On 1 May 2004, the European Union is expected to admit ten more countries as members. Three years after that it is expected to admit two more and possibly another one shortly afterwards. For New Zealand this means that there will be a major change in the membership of the economic and political grouping which, among other things, forms New Zealand's second largest export market. The enlargement, which was finally negotiated in Copenhagen on 12 and 13 December last year, has been years in the planning but as it progresses towards fulfilment coincides with the war in Iraq and divisions in views among Europeans towards that war.
Three important questions present themselves. Will the enlargement change the European Union significantly? What influence will the war in Iraq have on the future European Union? To what extent does New Zealand need to adapt to the enlargement?
The deals settled at Copenhagen are not the final step towards enlargement. Each of the acceding countries has to hold a referendum to test whether their populations support joining the European Union. At the time of writing (end of March), Malta and Slovenia among the new countries had held their referendums and the voters supported entry. Some of the acceding countries are confident that their referendum will support membership, but others are less certain.
In addressing the question of whether the present enlargement will change the European Union significantly one can look at history. The enlargement is the fifth of the European Union and its predecessors. The original members--France, Germany, Italy, Belgium, the Netherlands and Luxembourg--admitted Britain, Ireland, and Denmark in 1973. Greece was admitted in 1981, Portugal and Spain in 1986, and Austria, Finland and Sweden in 1995. These enlargements resulted in the alteration of some balances between southern and northern members. The enlargements added to the number of those who believed in a strong federal centre and they added to the number of those who believed that the European Union should simply be a loose collection of sovereign states. Yet the European Union remained very much the same. This was despite a considerable growth in the numbers of EU citizens and in the area covered by the European Union.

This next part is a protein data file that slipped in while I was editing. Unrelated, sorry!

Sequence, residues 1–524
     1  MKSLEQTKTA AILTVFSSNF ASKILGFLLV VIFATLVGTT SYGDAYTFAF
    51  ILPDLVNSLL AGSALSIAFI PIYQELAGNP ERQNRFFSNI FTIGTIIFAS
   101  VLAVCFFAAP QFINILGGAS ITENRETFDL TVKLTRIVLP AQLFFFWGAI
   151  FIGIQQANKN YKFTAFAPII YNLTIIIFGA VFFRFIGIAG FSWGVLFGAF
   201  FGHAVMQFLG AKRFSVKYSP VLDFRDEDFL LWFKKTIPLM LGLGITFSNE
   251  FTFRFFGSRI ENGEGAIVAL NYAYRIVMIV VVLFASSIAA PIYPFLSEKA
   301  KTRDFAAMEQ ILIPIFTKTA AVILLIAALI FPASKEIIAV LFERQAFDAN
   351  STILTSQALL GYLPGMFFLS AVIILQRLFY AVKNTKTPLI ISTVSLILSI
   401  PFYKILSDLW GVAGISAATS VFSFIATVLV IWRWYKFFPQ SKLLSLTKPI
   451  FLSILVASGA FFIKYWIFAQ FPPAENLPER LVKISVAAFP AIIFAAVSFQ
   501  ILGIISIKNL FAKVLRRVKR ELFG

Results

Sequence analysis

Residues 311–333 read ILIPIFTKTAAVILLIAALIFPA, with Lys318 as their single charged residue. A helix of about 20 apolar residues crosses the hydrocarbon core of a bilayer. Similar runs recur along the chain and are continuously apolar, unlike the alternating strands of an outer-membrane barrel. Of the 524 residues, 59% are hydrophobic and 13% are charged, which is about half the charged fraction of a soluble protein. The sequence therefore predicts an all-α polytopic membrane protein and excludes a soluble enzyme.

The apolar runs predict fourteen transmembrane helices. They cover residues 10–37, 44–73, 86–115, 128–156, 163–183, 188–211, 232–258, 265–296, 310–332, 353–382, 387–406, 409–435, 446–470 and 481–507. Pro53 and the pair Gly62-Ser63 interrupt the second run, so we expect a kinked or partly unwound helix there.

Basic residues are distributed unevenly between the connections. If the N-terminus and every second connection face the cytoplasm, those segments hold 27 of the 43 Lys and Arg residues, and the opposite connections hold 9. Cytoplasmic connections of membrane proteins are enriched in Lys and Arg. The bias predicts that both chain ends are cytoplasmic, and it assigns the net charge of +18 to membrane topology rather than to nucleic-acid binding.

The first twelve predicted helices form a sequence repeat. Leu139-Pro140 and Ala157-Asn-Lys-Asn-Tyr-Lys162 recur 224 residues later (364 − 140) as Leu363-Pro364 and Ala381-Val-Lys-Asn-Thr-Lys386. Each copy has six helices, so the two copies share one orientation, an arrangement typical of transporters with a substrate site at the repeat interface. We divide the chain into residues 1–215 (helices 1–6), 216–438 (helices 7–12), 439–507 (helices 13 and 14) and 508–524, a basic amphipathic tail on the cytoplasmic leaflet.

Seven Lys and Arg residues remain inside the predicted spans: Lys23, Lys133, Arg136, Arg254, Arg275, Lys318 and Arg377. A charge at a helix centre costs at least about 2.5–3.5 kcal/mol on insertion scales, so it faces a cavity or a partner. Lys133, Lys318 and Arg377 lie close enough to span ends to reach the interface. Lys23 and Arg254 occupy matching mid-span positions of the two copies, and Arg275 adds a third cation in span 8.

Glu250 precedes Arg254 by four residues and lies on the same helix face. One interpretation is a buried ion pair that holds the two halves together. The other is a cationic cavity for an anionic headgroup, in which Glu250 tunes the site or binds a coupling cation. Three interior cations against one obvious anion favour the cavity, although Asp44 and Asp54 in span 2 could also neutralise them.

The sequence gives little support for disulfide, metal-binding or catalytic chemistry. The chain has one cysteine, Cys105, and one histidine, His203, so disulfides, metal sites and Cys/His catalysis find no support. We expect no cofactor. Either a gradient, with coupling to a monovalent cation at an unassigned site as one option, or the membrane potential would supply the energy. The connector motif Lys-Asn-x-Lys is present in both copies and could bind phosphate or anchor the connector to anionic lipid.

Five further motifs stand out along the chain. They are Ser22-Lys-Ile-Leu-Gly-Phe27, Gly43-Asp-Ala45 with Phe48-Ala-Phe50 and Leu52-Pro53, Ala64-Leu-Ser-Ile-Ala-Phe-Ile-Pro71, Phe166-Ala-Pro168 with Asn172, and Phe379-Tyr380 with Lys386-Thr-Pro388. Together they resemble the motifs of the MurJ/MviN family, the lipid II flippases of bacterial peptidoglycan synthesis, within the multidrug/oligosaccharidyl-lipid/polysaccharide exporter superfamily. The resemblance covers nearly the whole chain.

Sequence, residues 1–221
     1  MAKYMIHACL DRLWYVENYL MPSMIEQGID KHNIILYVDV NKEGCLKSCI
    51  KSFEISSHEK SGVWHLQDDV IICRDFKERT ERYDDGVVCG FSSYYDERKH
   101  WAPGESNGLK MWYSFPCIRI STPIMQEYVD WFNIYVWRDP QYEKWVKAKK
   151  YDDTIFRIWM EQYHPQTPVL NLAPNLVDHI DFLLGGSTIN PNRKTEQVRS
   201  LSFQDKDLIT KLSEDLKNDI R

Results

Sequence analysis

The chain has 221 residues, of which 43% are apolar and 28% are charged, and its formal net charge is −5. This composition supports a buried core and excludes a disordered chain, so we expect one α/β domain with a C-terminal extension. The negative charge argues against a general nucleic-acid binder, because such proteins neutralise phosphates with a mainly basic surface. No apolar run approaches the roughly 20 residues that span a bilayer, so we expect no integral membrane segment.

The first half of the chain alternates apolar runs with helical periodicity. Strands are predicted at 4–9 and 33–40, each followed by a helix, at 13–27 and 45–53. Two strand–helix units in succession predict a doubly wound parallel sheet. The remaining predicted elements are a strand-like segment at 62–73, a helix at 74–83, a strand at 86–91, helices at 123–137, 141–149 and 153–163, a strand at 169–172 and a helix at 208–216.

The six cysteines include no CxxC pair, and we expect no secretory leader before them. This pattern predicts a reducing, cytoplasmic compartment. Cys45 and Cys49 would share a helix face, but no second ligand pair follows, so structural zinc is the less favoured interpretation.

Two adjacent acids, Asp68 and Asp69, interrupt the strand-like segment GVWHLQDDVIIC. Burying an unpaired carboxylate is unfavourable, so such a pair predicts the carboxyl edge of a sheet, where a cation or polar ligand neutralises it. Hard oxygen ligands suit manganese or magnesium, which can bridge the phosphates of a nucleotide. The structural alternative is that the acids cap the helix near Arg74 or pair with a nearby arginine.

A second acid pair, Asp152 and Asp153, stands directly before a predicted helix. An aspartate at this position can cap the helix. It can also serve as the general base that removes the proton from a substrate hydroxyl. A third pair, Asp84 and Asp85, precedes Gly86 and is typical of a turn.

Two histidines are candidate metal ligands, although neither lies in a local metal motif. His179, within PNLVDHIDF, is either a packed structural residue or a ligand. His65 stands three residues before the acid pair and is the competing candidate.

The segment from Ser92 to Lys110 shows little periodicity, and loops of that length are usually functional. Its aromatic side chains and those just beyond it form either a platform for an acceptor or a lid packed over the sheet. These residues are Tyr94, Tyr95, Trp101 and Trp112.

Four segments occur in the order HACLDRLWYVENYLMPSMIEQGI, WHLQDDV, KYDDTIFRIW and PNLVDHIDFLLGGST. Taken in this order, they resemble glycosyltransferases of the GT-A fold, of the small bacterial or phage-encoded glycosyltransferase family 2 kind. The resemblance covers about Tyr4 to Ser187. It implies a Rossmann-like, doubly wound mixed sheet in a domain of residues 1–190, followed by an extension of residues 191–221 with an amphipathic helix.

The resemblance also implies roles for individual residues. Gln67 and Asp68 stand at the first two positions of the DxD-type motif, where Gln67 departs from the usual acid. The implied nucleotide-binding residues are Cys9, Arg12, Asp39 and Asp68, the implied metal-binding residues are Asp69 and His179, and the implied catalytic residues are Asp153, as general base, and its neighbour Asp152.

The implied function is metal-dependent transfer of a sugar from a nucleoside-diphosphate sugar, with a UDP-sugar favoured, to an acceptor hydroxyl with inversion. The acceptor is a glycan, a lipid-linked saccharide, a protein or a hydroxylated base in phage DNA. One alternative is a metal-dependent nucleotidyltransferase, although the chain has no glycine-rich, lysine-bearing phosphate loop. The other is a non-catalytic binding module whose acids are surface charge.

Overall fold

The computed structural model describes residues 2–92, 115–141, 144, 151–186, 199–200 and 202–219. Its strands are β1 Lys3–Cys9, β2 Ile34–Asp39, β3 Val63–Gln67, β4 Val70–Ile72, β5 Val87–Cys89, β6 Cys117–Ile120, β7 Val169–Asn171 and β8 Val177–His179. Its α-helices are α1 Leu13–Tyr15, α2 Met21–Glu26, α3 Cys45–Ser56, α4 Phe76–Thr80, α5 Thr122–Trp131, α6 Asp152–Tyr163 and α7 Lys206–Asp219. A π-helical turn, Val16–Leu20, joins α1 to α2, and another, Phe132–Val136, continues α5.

For its part, the present enlargement will mean very considerable changes in population and area. An initial enlargement by ten will mean that the European Union will have more than 450 million citizens in 25 countries rather than its present 370 million in 15 countries. In area, the European Union will increase by 34 per cent, compared with the present area of the European Union of the 15. The ten new countries will represent about 16.5 per cent of the population of the European Union of the 25. If Romania and Bulgaria are admitted in 2004 and Turkey not long after, another 97 million plus people will be added.
Does the historical experience mean that, after the initial gulp, there will be little change in the European Union? The thesis of this article is that it does not. This is not a matter of history repeating itself. There are significant differences between the present enlargement and the previous enlargements.
In the first place, not only is it the biggest enlargement that the European Union and its predecessors have ever undertaken but also it exceeds all previous enlargements put together. There are always periods of adjustment when the membership of an …